IMPACTWILD, the indie recently founded in Bristol by Cherique Pohl, a former director and producer at the BBC’s Natural History Unit (Bears About the House, Expedition Rhino: The Search for the Last Northern White, Our Changing Planet), is about to embark on its first TV documentary, Re:Think Chimps.

Pohl has been given exclusive access to the last four years of footage from the Ozouga Society, a German-run chimpanzee research organisation that has been working in Gabon, Central Africa, for more than 15 years.

Earlier this year, Ozouga’s research made international headlines when it identified that champs use insects to heal wounds. The region of study is home to one of the most unique family of chimps in the world, one that demonstrates its high level of shared DNA with humans (95-98.8%) through a range of clever, caring and highly comical behaviours – all of which will be captured in the film.

Working with the Ozouga Society, IMPACTWILD will initially create a half-hour film for Gabon Culture Television and French-speaking African channels – and then look to sell internationally. The aim is to encourage reappraisal of chimps – which are frequently used as a commodity or for food – leading to more protected populations in the wild. The film will involve an experienced Gabonese scriptwriter.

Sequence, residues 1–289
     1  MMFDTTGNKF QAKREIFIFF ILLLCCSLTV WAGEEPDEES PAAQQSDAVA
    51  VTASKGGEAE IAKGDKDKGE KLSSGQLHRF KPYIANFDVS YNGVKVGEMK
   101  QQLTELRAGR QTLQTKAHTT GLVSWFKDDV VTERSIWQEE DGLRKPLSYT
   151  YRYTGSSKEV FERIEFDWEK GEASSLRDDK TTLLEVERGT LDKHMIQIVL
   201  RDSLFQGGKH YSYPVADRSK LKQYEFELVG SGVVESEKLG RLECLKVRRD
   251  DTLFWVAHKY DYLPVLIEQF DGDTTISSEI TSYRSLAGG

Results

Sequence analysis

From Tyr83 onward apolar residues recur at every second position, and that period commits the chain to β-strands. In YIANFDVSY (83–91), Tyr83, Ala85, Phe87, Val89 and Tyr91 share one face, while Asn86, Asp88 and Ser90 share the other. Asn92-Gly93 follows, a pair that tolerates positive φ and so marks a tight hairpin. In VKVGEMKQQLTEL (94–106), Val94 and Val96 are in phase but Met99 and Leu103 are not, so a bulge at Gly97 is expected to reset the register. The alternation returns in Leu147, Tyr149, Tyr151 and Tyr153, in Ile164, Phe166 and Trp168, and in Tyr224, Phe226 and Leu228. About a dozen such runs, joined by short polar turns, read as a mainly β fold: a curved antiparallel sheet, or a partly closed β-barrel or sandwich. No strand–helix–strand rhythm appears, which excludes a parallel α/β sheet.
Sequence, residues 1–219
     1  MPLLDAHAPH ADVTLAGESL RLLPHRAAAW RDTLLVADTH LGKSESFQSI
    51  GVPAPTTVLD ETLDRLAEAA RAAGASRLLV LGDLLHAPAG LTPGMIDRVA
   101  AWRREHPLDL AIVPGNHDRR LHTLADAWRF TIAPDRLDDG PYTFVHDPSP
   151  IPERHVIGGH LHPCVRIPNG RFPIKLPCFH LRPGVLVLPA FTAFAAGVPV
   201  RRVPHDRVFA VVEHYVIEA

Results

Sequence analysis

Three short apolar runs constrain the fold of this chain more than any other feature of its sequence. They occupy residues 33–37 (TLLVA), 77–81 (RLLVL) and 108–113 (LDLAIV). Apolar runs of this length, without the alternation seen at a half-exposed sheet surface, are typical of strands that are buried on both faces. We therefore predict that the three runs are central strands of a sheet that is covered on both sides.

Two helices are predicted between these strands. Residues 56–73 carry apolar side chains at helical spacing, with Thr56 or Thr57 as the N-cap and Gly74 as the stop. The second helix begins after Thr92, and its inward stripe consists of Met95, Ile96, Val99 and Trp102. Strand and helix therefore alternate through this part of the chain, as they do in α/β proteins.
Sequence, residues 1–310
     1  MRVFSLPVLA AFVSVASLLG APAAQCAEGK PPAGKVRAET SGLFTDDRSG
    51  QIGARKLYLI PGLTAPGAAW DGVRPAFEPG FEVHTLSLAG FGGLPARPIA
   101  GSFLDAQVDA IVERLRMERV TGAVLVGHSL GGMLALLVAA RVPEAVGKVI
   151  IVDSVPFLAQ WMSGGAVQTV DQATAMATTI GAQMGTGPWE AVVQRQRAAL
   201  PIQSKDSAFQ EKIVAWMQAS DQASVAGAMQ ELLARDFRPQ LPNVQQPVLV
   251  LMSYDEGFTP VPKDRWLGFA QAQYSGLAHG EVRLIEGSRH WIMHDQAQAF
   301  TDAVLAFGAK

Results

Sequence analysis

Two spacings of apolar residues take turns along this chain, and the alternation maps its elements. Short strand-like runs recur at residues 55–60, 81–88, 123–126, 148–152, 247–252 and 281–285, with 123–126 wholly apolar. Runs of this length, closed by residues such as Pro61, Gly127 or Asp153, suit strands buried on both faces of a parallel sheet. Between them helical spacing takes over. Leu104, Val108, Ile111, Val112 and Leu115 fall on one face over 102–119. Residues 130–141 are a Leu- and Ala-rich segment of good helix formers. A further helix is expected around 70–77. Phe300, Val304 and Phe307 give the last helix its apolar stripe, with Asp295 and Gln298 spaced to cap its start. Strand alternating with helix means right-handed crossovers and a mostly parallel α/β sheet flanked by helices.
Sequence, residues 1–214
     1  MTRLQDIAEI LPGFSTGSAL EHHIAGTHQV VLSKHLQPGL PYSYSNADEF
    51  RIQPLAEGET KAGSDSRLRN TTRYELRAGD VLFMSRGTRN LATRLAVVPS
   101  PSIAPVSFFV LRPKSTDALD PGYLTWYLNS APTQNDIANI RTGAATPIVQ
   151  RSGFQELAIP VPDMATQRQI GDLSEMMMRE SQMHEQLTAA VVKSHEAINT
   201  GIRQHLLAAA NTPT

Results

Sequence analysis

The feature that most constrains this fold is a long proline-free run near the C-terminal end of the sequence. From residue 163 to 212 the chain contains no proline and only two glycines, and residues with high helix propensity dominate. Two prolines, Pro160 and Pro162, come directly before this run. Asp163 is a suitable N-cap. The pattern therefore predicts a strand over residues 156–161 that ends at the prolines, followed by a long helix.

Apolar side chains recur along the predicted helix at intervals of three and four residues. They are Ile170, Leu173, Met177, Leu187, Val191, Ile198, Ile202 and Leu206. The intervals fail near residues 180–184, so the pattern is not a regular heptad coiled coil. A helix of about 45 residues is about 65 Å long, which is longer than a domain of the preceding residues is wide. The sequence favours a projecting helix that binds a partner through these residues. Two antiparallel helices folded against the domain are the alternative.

In addition to the half-hour film, IMPACTWILD will be creating short, shareable clips which also feature local researchers and will be made freely available in French-speaking Africa via WhatsApp and YouTube.

Cherique Pohl comments: “IMPACTWILD was established as a force for good, seeking to end the exploitation of wildlife and wild places through informing and inspiring critical audiences. Having grown up in Africa, I know only too well that local people do not always have access to the same information we do in the West about declining wildlife populations and disappearing habitats. So, the ambition with this project is to use the extraordinary footage from the Ozouga Society to not only create an engaging and entertaining film, but one that also encourages reappraisal and changes behaviour. Most wildlife filmmaking is undertaken sympathetically, and filmmakers work hard to raise issues, but we are dedicated to creating real impact with our work to ensure we effect meaningful change on the ground.”

IMPACTWILD is launching a crowdfunding campaign to help with the project:


Jon Creamer

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